Mario & Luigi: Partners In Time Review - Screenshot 1 of

It takes quite a lot of star power to be able to co-star with yourself in something. The upcoming Mario & Luigi: Paper Jam is set to show that our favourite plumbers are not lacking in this department, but it's not the first time developer AlphaDream has pulled a similar gimmick! For that we should look to Mario & Luigi: Partners in Time, ferried to the present by the temporal fluxitude of the Wii U Virtual Console.

The Mario & Luigi series has always been unique in its mix of action and RPG elements, combining turn-based battling with a real-time sense of knowing when to hit character-assigned buttons to evade/counter attacks or solve puzzles. With the series jumping from the GBA to DS, the two extra buttons get claimed by the toddler forms of the heroes in a twisty time-travelling plot. Having to cart the baby form of yourself around sounds like a nightmare at face value, but here it's played quite humorously.

There will be times when the babies and elders are separate, each group capable of battling on their own. However, having them together mixes attacks up significantly. The functions and potential of both basic and item attacks change as two more buttons are added to the mix; while coordinating yourself to hit the right marks can come off as somewhat confusing at first, it's also a fun challenge to take on. One of the Mario & Luigi series's strong points is how it keeps players on their toes in what would otherwise be a simple RPG battle, and Partners in Time certainly doesn't slouch in that regard.

Mario & Luigi: Partners In Time Review - Screenshot 1 of

Outside of battles, the tykes tend to serve as puzzle-solving tools, able to be tossed up onto high ledges or crawl into narrow spaces to open up paths for the Bros., who often in turn proceed to open up the way for their younger selves. It's often clever, but might also feel a bit tired at times.

The story is rather amusing, with the party travelling between the past and present to thwart an invasion from the alien "Shroob" race. AlphaDream does a fantastic job of expanding the Mushroom Kingdom with its own creative locales that feel unique to the series yet blend in remarkably well with already-established places. The colourful, cartoony atmosphere and bouncy soundtrack still shine through today and seal up the light-hearted nature of it all.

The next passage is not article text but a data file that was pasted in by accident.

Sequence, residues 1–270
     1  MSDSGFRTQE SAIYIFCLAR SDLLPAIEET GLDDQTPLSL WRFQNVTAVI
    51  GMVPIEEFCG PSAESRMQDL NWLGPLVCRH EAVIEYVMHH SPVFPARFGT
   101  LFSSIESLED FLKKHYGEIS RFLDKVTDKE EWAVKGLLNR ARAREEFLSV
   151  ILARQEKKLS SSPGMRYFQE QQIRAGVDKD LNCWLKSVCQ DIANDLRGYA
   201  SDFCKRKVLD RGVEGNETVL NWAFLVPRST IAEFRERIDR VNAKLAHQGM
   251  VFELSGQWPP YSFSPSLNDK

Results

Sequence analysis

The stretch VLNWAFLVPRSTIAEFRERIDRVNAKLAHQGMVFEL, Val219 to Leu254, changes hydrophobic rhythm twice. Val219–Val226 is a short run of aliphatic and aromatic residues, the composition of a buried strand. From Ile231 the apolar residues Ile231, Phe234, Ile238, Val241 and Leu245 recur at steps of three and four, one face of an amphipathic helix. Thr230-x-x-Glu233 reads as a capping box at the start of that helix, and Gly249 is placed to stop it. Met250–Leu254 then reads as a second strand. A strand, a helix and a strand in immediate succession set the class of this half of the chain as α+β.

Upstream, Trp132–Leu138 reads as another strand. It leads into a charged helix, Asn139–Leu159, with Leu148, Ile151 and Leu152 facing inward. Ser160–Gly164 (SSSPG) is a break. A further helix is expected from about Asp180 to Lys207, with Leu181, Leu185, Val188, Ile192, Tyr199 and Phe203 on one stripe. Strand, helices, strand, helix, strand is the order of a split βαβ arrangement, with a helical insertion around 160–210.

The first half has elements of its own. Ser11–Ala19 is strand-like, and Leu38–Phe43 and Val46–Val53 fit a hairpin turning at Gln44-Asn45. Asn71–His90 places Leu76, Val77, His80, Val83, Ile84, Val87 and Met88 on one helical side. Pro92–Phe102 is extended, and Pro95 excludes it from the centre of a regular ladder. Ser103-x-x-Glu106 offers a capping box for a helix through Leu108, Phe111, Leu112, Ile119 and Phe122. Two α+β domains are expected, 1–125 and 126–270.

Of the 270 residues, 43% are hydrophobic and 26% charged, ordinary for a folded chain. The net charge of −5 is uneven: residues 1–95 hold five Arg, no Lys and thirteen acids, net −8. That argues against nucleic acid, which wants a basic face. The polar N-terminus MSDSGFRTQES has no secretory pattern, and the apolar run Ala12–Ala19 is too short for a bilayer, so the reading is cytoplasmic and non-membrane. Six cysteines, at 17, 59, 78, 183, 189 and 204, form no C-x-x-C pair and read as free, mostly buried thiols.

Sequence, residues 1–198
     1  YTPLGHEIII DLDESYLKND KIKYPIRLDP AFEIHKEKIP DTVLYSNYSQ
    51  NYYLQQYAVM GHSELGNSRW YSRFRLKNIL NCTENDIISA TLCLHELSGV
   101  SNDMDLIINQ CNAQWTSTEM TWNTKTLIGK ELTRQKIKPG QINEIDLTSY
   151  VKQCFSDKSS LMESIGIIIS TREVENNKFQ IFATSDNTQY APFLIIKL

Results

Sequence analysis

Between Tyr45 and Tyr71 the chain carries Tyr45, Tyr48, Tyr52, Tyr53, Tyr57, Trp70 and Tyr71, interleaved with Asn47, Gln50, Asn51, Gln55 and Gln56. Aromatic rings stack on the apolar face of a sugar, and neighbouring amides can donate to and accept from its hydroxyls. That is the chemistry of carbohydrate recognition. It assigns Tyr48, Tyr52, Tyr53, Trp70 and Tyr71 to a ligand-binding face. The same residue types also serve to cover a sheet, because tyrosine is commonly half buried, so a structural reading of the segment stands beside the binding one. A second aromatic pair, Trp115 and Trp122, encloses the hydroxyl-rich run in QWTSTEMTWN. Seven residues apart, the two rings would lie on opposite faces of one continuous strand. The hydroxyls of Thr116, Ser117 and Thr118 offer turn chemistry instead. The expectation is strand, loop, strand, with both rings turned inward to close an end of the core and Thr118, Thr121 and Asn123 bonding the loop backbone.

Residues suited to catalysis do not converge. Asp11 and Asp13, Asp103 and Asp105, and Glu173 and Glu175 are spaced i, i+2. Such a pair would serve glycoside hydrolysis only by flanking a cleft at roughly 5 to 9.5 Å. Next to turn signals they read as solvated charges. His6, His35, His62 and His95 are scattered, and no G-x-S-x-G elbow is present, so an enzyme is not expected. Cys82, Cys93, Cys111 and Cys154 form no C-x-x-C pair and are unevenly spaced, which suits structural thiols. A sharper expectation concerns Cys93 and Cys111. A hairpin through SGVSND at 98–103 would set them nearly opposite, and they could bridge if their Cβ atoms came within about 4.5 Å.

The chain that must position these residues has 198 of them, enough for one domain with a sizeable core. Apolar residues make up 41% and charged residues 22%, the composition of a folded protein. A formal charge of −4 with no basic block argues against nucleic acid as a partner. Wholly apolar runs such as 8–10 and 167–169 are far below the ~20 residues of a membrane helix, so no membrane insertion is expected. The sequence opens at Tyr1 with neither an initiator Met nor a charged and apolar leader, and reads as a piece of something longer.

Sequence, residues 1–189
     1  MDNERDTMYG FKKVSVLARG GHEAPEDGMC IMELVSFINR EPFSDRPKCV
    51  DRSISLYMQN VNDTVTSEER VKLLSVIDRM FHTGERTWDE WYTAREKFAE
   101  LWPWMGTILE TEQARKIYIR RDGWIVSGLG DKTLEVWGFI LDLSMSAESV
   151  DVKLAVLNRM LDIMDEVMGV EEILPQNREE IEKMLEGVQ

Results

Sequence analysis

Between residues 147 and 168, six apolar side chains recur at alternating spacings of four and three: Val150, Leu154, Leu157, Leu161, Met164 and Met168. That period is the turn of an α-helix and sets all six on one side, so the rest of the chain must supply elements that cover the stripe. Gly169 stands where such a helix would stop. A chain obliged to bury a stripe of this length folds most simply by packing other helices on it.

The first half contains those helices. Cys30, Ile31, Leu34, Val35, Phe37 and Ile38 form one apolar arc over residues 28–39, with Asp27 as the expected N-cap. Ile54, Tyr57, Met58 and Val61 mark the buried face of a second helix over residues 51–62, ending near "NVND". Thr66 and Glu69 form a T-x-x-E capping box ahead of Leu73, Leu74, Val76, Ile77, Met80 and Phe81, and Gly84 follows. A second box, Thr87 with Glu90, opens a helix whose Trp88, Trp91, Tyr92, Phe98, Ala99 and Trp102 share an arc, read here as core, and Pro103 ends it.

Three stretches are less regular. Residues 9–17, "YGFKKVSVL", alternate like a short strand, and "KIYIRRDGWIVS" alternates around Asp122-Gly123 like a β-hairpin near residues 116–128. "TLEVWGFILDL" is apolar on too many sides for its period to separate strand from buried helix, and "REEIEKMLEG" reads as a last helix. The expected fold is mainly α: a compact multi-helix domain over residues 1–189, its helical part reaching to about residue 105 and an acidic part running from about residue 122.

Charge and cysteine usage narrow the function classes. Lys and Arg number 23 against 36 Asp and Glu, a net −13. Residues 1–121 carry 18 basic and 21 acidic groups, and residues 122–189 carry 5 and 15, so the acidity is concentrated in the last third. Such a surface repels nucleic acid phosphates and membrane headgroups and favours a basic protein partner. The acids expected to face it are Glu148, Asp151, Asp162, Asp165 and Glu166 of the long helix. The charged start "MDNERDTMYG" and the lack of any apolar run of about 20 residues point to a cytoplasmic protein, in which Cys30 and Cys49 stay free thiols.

The plot does falter a little in a couple ways, though. The Shroobs are a quirky species and make good antagonists, but they're not quite as memorable as other enemies; especially the scene-stealing Fawful who features in two Mario & Luigi titles. While the overall script is entertaining as expected, the Shroobs' speak in gibberish for much of the game, with subtitles appearing later, doesn't help their strengths as villains. The time travel element also does play into the plot in certain ways, but not in ones you might expect. With all the havoc going on in the past, the present doesn't go through many huge changes. Doing so might have made things too bleak for the mood they were aiming for, but it still might have been nice to see more repercussions.

Mario & Luigi: Partners In Time Review - Screenshot 1 of

The slightly slower RPG nature of Partners in Time makes it a better fit for Wii U Virtual Console than some other DS titles. Rarely will you have to keep track of things on two screens at once with great intensity, so it's relatively easy to get away with having the lower screen on the GamePad and the upper on the TV. The larger/smaller side-by-side screen setup on the TV might also work pretty well on larger TVs, too, although it will likely be hard to read the menu on smaller screens. It's not the ideal of playing on an actual DS, but it works, and hearing the soundtrack coming out a TV can be a treat.


Although everyone has an individual preference, an argument can be made that Partners in Time is not the strongest game in the series. With how exceptional the series is as a whole, however, this is not a condemnation! While the story might hover just below the level of other instalments, it's still creative, appealing and laugh aloud funny, and mastering the four-button setup of battles is as fun as ever. If you don't have the original DS cart, this version is still another Mario & Luigi game to pick up on the double.